Eastern Anatolia Region
This article may be unbalanced towards certain viewpoints. (November 2020)
Eastern Anatolia Region
Doğu Anadolu Bölgesi
Region of Turkey
|• Total||165,436 km2 (63,875 sq mi)|
It is bordered by the Black Sea Region and Georgia in the north, the Central Anatolia Region in the west, the Mediterranean Region in the southeast, the Southeastern Anatolia Region and Iraq in the south, and Iran, Azerbaijan and Armenia in the east.
The region and the name "Doğu Anadolu Bölgesi" were defined at the First Geography Congress in 1941 at the capital Ankara. It has the highest average altitude, largest geographical area, and lowest population density of the seven Turkish regions.
Substitution for the name Armenia
Beginning in 1880, the name Armenia was forbidden to be used in official documents of the Ottoman Empire, in an attempt to play down the history of Armenians in their own homeland. The government of Sultan Abdul Hamid II replaced the name Armenia with such terms as "Kurdistan" or "Anatolia". The Sublime Porte believed there would be no Armenian Question if there was no Armenia. The process of “nationalization” of toponyms was continued and gained momentum under the Kemalists after the foundation of the Republic of Turkey. In 1923, the entire territory of Western Armenia was officially renamed “Eastern Anatolia” (literally The Eastern East).
The word Anatolia means “sunrise” or “east” in Greek. This name was given to the Asia Minor peninsula approximately in the 5th or 4th centuries B.C. During the Ottoman era, the term Anadolou included the north-eastern vilayets of Asia Minor, with Kütahya as its center. Numerous European, Ottoman, Armenian, Russian, Persian, Arabic and other primary sources made clear distinctions between Anatolia and Armenia. The Armenian Highlands have historically been considered to be east of Anatolia, with the border between them located near Sivas (Sebastia) and Kayseri (Caesarea).
In the 17th century the terms "Anatolia" or "Eastern Anatolia" were never used to indicate Armenia. The Islamic World Map of the 16th century and other Ottoman maps of the 18th and 19th centuries also indicate Armenia (Ermenistan) in a specific territory, as well as its cities.
Armenia, together with its boundaries, was mentioned in the works of Ottoman historians and chroniclers until the ban at the end of the 19th century. Kâtip Çelebi, a famous Ottoman chronicler of the 17th century, had a special chapter titled “About the Country Called Armenia” in his book Jihan Numa. However, when this book was republished in 1957, its modern Turkish editor H. Selen changed this title into “Eastern Anatolia”. Osman Nuri, a historian of the second half of the 19th century, mentions Armenia repeatedly in his three-volume Abdul Hamid and the Period of His Reign.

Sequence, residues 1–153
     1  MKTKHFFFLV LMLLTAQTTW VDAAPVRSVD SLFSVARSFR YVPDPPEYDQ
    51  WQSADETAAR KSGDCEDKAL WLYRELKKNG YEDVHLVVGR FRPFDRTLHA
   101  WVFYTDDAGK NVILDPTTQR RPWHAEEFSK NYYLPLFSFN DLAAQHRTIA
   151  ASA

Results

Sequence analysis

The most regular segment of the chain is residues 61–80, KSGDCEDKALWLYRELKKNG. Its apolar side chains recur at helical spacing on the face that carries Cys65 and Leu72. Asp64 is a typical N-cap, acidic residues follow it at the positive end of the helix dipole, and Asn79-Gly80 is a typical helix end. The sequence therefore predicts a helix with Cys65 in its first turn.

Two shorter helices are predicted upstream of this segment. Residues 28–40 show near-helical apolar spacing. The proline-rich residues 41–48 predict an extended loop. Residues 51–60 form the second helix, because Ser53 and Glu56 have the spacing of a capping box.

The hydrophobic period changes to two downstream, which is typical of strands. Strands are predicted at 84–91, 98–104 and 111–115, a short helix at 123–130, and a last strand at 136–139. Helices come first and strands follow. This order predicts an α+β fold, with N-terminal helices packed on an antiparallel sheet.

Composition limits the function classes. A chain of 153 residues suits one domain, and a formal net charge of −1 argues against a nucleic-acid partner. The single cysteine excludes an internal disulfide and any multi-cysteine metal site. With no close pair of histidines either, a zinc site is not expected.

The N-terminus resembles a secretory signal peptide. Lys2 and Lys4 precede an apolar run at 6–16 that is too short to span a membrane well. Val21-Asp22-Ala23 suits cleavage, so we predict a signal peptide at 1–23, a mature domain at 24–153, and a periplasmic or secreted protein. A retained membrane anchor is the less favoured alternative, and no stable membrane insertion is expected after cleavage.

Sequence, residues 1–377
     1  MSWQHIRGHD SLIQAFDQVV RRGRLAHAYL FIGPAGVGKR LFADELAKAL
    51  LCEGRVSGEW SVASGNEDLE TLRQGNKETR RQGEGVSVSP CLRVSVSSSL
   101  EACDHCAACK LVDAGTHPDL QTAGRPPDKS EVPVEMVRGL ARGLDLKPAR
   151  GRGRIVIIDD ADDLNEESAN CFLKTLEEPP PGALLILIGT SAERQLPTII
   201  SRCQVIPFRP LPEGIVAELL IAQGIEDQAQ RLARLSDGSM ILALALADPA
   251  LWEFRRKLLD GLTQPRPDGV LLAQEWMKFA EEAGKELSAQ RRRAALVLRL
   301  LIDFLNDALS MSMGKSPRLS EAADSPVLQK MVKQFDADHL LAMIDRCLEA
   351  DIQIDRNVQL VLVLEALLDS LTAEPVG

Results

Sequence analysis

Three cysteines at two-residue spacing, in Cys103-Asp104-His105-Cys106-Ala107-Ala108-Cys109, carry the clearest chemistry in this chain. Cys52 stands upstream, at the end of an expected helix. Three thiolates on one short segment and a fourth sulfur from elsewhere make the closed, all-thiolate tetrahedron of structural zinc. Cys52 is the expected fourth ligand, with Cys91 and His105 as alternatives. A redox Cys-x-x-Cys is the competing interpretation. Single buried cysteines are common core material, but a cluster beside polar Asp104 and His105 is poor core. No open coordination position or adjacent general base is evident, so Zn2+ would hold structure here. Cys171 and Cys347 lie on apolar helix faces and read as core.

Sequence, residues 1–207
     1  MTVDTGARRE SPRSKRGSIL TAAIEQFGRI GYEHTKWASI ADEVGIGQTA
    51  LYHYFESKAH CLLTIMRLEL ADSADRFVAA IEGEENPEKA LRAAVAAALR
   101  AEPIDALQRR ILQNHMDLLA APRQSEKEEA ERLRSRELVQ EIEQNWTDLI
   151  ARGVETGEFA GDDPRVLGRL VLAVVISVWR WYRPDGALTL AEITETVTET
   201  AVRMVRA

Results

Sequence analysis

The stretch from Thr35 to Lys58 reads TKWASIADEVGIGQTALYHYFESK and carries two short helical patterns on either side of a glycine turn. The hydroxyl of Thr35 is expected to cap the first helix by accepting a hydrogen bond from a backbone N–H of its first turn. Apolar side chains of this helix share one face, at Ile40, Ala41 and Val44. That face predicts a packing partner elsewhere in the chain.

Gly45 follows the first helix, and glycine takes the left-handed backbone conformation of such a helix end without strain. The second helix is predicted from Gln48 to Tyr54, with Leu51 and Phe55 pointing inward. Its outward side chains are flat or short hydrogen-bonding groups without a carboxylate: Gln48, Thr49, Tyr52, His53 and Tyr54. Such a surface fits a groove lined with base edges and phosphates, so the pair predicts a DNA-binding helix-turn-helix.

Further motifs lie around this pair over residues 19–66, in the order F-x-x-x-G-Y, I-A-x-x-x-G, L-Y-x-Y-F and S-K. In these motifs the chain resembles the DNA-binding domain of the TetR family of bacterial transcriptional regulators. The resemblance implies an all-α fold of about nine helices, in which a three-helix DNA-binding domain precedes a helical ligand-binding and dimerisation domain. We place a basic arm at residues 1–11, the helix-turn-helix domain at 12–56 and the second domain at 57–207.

Eastern Anatolia Region has four subdivisions:
- Upper Euphrates division (Turkish: Yukarı Fırat Bölümü)
- Erzurum-Kars division (Turkish: Erzurum-Kars Bölümü)
- Upper Murat-Van division (Turkish: Yukarı Murat-Van Bölümü)
- Hakkari division (Turkish: Hakkari Bölümü)
Provinces that are entirely in the Eastern Anatolia Region:
Provinces that are mostly in the Eastern Anatolia Region:
Location and borders
The Eastern Anatolia Region is located in the easternmost part of Turkey. It is bounded by Turkey's Central Anatolia Region to the west; Turkey's Black Sea Region to the north; Turkey's Southeast Anatolia Region and Iraq to the south; and Iran, Azerbaijan, Armenia and Georgia to the east, where Eastern Anatolia overlaps and converges with the South Caucasus region and Lesser Caucasus mountain plateau.
The area of the region is 146,330 km², which comprises 18.7% of the total area of Turkey.
The total population of the region is 5,906,565 (2014 estimate), down from 6,100,000 at the 2000 census. The population density (40 person/km²) is lower than the average for Turkey (98 person/km²). The region has the second most rural population in Turkey after the Black Sea region. Migration, especially to Marmara Region, is high. Migration to other regions and abroad is higher than the natural population increase.